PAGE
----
I am Associate Professor of Performance Studies in the Department of Theatre and Dance at Colorado College. I studied at Amherst College (Theatre/Dance and French Studies) and Cornell University (Theatre), where I focused on 20th-century and contemporary performance in the context of French and German literature and theory. My writing has appeared in PAJ, Theatre Journal, and Dance Research Journal.
My recent research explores the status of technology in performance. More precisely, I have been trying to challenge the instrumental understanding of technology that frequently informs its use in theatre, dance, and interdisciplinary art. If understood as a non-human instrument or object, technology represents either a vast new sphere of possibilities for theatre (technophilia) or a potential threat to the integrity of the human body in live performance (technophobia). Both attitudes reflect a common assumption that the human body and technology are fundamentally opposed and thereby reinforce conflict between these and related categories. This conflict is a kind of violence— like Nietzsche’s concept of ressentiment, perhaps— that has dominated late modernist aesthetics, especially as perpetuated in the artistic legacy of the avant-garde. Much could be said about the avant-garde, but ultimately I want to critically advocate an alternative aesthetics, one which stills the dramatic conflict resulting from systems of difference based on categorical oppositions, such as the opposition between technology and the body in live performance.
In search of potential models of for this alternative aesthetics of performance, I have found myself drawn to artists’ whose work is withdrawn, distant, and diffused. This diffusion results from the absence of clear categorical differences and produces confusion, what Rey Chow might call in her work on transmediality, “entanglements.” As suggested by Chow’s shared interest in transmediality and transnationality, this confusion often occurs at border crossings, both literal and metaphorical, which I trace in artistic uses of translation by Chantal Akerman, Theresa Hak Kyung Cha, Yoko Tawada, and William Forsythe. Accordingly, I am also interested in artistic practices that cross disciplinary boundaries and combine performance and media, both new and old. Rather than celebrating the transcendent potential of such hybrid combinations, I examine works that manifest the materiality of media by impeding the visual and temporal immediacy typically associated with live performance. For that matter, I am not much interested in “liveness”: to my mind, there is little question that the concept of live performance— and life more generally— is undergoing a rapid process of transformation, one which is occurring as a result of historical necessity and thus yielding violent results, as recent events and discourses in biopolitics have shown. As such, my work also examines how discourses related to biopolitics effect contemporary artistic practices, especially those bringing together the body and technology in innovative— i.e., non-instrumental— ways.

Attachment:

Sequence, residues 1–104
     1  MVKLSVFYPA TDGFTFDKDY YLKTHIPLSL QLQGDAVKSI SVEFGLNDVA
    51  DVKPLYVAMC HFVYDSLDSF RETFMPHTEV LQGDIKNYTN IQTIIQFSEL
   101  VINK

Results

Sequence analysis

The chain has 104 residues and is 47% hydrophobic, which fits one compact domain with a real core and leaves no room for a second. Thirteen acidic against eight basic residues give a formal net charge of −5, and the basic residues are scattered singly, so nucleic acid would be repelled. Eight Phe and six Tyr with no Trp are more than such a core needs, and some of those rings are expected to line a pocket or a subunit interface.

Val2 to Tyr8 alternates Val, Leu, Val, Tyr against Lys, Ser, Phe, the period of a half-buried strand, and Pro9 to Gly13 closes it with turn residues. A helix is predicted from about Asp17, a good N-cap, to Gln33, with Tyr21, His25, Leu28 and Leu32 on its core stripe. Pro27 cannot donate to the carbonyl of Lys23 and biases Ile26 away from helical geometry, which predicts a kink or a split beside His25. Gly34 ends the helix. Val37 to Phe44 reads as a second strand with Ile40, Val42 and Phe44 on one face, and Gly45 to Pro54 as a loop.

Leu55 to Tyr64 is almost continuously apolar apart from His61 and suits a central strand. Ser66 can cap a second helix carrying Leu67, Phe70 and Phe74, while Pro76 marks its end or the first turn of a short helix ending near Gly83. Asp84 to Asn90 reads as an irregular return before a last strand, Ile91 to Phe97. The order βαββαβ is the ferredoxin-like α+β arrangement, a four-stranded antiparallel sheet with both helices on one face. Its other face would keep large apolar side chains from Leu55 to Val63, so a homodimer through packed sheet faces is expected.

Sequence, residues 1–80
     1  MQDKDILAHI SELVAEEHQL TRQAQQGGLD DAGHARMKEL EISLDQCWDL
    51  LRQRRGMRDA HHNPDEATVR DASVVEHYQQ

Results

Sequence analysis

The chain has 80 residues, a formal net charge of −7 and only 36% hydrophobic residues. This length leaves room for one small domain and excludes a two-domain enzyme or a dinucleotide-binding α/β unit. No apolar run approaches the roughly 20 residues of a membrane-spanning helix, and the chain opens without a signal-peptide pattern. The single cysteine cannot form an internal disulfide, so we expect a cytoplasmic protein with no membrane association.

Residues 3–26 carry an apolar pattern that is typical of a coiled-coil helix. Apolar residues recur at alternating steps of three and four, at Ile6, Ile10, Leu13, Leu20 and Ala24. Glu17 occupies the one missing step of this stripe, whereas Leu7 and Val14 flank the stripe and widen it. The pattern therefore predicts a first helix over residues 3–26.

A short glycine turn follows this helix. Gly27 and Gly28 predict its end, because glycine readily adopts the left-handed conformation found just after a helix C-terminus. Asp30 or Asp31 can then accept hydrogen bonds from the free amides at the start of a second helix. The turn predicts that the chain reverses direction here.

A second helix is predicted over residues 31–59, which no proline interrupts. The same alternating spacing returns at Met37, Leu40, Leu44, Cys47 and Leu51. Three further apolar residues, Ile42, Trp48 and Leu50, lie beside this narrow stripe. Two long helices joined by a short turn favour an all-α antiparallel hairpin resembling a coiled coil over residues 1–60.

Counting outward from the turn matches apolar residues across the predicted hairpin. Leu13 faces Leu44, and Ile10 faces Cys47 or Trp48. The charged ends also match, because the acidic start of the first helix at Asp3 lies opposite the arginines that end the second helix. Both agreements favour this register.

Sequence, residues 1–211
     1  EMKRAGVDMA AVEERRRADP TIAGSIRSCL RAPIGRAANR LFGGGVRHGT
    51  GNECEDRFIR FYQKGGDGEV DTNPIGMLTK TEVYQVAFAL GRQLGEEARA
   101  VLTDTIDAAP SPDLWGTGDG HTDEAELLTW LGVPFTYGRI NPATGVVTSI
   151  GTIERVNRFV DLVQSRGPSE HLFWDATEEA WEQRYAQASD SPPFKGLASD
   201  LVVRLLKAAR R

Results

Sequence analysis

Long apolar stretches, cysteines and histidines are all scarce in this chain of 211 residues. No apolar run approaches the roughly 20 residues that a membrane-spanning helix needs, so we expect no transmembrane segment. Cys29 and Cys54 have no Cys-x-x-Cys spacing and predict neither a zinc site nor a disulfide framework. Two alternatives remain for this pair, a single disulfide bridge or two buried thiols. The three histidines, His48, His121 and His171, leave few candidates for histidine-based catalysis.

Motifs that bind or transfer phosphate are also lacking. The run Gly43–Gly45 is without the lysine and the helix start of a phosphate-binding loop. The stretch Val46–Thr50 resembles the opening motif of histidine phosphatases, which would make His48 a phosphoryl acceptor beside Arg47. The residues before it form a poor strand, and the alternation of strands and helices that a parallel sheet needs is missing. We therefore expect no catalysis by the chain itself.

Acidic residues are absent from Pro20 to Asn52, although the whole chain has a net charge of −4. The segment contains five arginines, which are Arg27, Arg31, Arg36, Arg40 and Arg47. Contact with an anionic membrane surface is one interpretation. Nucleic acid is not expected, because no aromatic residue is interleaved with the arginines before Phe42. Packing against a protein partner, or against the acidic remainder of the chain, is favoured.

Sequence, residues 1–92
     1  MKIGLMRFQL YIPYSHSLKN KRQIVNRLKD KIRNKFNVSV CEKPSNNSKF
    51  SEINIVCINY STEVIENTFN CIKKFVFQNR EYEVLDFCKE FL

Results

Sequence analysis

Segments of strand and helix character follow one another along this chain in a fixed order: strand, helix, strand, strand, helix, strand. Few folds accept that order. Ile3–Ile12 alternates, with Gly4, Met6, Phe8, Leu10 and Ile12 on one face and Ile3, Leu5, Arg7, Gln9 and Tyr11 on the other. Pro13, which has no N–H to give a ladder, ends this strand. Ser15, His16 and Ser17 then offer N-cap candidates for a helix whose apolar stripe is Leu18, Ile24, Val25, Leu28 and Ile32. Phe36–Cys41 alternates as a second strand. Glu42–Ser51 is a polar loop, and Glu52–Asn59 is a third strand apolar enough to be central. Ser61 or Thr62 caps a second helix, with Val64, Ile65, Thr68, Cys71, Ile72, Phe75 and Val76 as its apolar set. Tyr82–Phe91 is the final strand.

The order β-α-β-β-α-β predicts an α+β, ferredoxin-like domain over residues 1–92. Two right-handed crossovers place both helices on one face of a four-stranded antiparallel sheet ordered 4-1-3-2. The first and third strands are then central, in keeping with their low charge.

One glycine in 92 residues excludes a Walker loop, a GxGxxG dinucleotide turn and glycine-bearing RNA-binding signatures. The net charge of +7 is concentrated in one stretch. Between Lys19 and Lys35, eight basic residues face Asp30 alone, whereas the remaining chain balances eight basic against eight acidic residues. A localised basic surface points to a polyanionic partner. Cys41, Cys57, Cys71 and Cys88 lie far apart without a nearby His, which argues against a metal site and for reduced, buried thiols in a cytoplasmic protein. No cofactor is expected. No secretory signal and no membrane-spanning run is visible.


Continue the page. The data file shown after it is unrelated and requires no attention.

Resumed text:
I am pleased that the first significant articulation of this body of work, “The Ambulatory Aesthetics of Yvonne Rainer’s Trio A” has been published in the April 2014 issue of Dance Research Journal. Taking Rainer’s seminal dance Trio A as its subject, it develops a theory that proposes walking as a process of mediation in performance— hence, not walking, but “ambulatory” motion. In doing so, it reconsiders the concept of “pedestrian movement” in dance in the context of recent critical approaches to everyday life, especially as pioneered by theorists working in the field of affect studies, such as Lauren Berlant and Kathleen Stewart. Ultimately, it introduces the ambulatory as an autonomous concept that can help to articulate temporal and affective registers of performance whose repertoire of detours, diversions, and hesitations suspends the forward flow of narrative form and thereby relays experiences otherwise lost in symbolic representation, without resorting to conflict or violence.
I am also embarking on a new leg of this project that explores sound and “sonic performance” as an alternative to visual representation in performance, which includes a new course on sound art to be taught with Jonathan Lee, from Colorado College’s Department of Philosophy.
Research interests: Theatre History, Dance Studies, Performance Theory, Media Art and Theory, Sound, Gender Studies, Poetry and Performance, Translation